Ministry response to call for deferral of Cap and Trade

cap and trade

Carbon pricing is now the reality across Canada and Ontario is moving forward with the Climate Change Action Plan, which includes cap and trade, because it is best suited for our economy.  Third-party economic experts have confirmed that our plan is both the most cost effective and best at reducing emissions compared to carbon pricing alternatives. In joining North America’s largest carbon market, we are becoming partners in the most efficient and cost effective emissions reduction program there is. Transparently reinvesting all cap and trade revenue will also allow us to support up to $8.3 billion in projects that fight climate change like home and business retrofits. These investments will help families and businesses reduce costs and make the switch to non-polluting choices easier and less expensive.

Ontario’s business community throughout the consultation and implementation processes have shown support for our plan to fight climate change because directly compared to the alternatives, it is best suited spur economic growth and achieve real emissions reductions.

Flavio Volpe President of the Automotive Parts Manufacturers Association stated “with every leading jurisdiction we compete with studying cap and trade models, it is important that this Province continues to be a leader in the formulation and implementation of global best practices.”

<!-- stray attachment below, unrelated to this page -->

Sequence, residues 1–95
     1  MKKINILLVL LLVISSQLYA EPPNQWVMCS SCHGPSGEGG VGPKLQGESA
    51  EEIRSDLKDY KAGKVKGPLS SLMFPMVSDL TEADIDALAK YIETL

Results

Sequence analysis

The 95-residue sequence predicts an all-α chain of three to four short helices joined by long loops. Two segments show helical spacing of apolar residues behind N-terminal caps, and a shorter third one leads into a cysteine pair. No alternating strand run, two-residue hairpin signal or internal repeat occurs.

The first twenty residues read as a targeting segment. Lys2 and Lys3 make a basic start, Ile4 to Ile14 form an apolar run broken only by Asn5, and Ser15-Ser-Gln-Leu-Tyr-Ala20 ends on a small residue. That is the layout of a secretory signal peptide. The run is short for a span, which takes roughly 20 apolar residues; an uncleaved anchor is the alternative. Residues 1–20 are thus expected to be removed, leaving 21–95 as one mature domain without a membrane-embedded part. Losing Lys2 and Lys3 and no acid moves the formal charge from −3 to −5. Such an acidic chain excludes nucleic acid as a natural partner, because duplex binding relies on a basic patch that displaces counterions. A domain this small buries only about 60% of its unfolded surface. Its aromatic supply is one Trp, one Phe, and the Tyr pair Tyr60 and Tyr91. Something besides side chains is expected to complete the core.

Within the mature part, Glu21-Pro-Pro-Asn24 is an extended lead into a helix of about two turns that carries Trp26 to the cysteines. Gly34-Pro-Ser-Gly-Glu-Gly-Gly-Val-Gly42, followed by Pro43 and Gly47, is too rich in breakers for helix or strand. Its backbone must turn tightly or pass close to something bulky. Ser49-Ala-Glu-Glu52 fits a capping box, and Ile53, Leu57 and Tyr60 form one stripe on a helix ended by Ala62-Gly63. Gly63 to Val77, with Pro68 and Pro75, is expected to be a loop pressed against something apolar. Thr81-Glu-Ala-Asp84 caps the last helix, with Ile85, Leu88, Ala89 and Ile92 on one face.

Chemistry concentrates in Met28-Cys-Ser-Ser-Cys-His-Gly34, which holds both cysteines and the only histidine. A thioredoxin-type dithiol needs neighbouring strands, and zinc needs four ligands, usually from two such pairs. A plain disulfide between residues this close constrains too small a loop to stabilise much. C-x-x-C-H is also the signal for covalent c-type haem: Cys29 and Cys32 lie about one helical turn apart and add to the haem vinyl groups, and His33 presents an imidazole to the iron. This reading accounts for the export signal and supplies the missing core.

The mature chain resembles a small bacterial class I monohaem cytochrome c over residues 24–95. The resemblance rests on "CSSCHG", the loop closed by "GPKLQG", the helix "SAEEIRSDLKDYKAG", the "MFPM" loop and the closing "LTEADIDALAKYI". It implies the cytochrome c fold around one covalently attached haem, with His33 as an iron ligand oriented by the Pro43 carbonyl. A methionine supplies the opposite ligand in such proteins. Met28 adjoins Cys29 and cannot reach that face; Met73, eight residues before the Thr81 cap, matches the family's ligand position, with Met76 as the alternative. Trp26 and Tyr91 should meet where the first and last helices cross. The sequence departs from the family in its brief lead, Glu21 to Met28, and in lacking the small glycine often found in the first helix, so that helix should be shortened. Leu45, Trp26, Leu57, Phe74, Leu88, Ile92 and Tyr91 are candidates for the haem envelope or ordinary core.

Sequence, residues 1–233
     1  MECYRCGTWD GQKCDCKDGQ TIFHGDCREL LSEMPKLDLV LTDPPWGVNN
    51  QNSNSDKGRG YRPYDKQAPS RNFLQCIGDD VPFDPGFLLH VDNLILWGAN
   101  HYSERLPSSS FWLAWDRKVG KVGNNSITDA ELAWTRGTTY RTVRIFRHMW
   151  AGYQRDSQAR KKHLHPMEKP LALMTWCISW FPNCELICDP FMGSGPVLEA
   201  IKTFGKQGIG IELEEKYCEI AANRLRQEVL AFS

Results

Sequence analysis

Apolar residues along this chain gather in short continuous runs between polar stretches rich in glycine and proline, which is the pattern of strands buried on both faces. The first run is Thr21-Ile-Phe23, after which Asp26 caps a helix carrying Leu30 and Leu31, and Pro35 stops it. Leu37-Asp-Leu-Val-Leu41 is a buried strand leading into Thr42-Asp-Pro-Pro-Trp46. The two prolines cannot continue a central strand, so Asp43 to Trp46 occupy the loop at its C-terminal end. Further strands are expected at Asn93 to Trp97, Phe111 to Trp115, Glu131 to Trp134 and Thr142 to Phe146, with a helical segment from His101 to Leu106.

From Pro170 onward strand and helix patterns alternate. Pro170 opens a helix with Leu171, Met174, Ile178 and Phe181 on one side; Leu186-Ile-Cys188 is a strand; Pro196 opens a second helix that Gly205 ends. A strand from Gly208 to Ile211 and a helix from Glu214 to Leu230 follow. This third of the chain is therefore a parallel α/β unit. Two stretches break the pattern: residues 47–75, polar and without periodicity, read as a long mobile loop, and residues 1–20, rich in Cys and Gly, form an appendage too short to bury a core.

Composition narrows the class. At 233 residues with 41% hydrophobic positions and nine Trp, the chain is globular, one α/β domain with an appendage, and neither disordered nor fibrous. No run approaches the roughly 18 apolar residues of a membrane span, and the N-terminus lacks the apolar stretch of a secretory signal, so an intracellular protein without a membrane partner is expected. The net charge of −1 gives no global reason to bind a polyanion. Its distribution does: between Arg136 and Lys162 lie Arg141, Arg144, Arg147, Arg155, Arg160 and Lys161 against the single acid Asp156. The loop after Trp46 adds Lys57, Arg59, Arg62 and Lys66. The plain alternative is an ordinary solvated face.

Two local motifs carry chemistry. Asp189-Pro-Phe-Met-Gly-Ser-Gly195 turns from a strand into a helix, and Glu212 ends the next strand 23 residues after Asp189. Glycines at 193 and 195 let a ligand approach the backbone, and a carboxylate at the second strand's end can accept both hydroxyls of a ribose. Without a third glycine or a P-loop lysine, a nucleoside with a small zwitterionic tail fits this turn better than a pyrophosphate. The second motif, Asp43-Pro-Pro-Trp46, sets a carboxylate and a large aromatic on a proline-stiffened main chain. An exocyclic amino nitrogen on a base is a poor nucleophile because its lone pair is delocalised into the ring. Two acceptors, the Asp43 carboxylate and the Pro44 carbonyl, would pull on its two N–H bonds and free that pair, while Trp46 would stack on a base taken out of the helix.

David Paterson from General Motors Canada stated “as Ontario moves to place a value on carbon, we will work together and support the development of market mechanisms that are effective, protect our manufacturing competitiveness and support consumers interested in adopting new technologies, like our Chevrolet electric vehicles.”

Furthermore, after introducing its cap and trade program, California’s economy grew at a pace that exceeded the growth of the rest of the U.S. economy. The number of jobs in California grew by almost 3.3 per cent in the first year and a half of the program, outstripping the national rate of job creation, which was 2.5 per cent over the same period.


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